“Slow is smooth, smooth is fast” is a sort of mantra with origins in the armed forces. After reading David Goggins’ Can’t Hurt Me, I feel like its meaning has been truly unlocked. I thought it a bit of fortune-cookie nonsense, but now I have the context to to be able to place it. Being slow means being deliberate and purposeful with every action, for example, will it contribute towards the current objective? If yes, then keep going, if not then what will? It is not about the pace at which one is moving, but making sure that we are moving in the right direction in the first place.
It reminds me of my days competing in orienteering competitions in school. I was never the fittest, in fact, I would go as far as saying my level of stamina with respect to distance running was in the lowest percentiles of the fields. But I would never end up doing too badly because I was handy with the map. I remember at the start of each of the races, I would take the longest trying to get my bearings. Even when I did run, I noticed how unfit I was. But it all turned out well, all things considered, and did pretty well for myself because I knew I was heading in the right direction.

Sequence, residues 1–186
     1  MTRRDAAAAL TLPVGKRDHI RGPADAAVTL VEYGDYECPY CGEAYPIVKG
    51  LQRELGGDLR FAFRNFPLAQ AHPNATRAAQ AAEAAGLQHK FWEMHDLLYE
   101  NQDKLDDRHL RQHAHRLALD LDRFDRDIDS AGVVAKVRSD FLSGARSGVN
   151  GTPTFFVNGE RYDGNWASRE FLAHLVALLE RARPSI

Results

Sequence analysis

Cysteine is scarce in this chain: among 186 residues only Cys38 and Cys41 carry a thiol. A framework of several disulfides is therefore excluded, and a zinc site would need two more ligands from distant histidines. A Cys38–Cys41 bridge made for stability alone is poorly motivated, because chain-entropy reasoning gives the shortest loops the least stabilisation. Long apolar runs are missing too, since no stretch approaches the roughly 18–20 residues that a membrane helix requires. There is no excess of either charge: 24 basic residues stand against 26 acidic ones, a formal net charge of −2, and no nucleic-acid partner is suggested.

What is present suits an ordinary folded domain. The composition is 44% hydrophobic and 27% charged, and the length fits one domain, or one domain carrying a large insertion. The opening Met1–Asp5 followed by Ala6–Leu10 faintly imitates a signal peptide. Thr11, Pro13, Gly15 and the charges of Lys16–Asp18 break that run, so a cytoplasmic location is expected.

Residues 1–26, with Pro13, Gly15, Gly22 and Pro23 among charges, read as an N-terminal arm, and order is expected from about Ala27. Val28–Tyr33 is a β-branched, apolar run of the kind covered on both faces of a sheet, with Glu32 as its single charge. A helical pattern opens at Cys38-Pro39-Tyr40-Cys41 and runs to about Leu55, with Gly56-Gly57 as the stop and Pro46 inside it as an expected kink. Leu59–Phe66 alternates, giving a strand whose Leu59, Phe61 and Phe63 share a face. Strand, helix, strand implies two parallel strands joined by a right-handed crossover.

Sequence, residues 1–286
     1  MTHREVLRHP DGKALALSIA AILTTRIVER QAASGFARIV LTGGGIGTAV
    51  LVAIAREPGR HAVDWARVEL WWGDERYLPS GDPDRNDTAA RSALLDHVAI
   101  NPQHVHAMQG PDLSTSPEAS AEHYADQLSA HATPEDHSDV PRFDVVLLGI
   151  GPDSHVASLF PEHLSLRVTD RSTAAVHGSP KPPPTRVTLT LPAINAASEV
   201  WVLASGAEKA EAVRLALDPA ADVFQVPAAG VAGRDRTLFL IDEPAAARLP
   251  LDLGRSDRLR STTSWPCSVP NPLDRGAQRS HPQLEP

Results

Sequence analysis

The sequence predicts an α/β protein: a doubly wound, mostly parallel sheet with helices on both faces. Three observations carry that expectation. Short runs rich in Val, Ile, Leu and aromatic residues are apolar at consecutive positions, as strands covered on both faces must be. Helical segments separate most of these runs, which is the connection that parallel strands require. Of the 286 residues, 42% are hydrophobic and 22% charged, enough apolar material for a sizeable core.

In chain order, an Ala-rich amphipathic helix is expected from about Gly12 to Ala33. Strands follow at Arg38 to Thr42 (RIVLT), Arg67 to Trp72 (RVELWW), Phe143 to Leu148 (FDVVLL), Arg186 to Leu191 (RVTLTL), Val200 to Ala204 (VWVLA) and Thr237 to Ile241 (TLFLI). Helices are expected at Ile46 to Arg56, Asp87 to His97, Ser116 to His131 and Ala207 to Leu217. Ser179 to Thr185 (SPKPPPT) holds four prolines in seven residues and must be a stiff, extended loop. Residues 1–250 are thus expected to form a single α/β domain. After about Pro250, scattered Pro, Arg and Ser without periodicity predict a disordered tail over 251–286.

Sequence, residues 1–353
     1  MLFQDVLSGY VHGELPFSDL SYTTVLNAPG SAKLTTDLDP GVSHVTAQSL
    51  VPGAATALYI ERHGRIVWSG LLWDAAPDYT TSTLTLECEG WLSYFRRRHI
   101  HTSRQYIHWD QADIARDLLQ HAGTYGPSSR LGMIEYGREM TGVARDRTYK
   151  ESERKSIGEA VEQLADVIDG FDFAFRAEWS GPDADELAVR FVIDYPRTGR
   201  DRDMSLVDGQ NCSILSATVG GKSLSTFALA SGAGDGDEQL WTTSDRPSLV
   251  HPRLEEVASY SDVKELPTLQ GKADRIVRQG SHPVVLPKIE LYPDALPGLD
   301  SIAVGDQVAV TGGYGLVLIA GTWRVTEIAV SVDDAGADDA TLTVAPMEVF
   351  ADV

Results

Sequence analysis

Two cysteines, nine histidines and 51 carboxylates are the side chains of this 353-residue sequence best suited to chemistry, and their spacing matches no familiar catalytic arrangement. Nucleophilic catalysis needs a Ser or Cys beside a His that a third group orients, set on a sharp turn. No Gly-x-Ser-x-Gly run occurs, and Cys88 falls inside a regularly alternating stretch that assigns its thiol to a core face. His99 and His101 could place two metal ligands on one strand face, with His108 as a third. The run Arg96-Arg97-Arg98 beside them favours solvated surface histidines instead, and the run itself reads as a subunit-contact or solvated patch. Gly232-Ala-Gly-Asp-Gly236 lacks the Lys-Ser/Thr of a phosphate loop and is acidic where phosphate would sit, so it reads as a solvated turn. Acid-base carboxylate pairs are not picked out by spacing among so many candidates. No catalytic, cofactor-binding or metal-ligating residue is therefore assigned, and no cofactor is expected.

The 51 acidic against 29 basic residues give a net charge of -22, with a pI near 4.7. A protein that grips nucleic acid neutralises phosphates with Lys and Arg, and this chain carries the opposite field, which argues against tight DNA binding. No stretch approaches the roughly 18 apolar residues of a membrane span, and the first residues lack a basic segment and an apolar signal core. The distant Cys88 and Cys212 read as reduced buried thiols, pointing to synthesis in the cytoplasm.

Going slow in today’s world is a bit of a challenge. There is a cognitive dissonance associated with a measured approach thanks to the raging river of notifications, updates, and messages we receive daily. When we are dealing with an endless torrent of information, the only way to do so is with pace. To then ask ourselves to go slowly is not quite hypocritical, but rather misaligned with how everything else is done. Perhaps the answer lies in the being able to disconnect.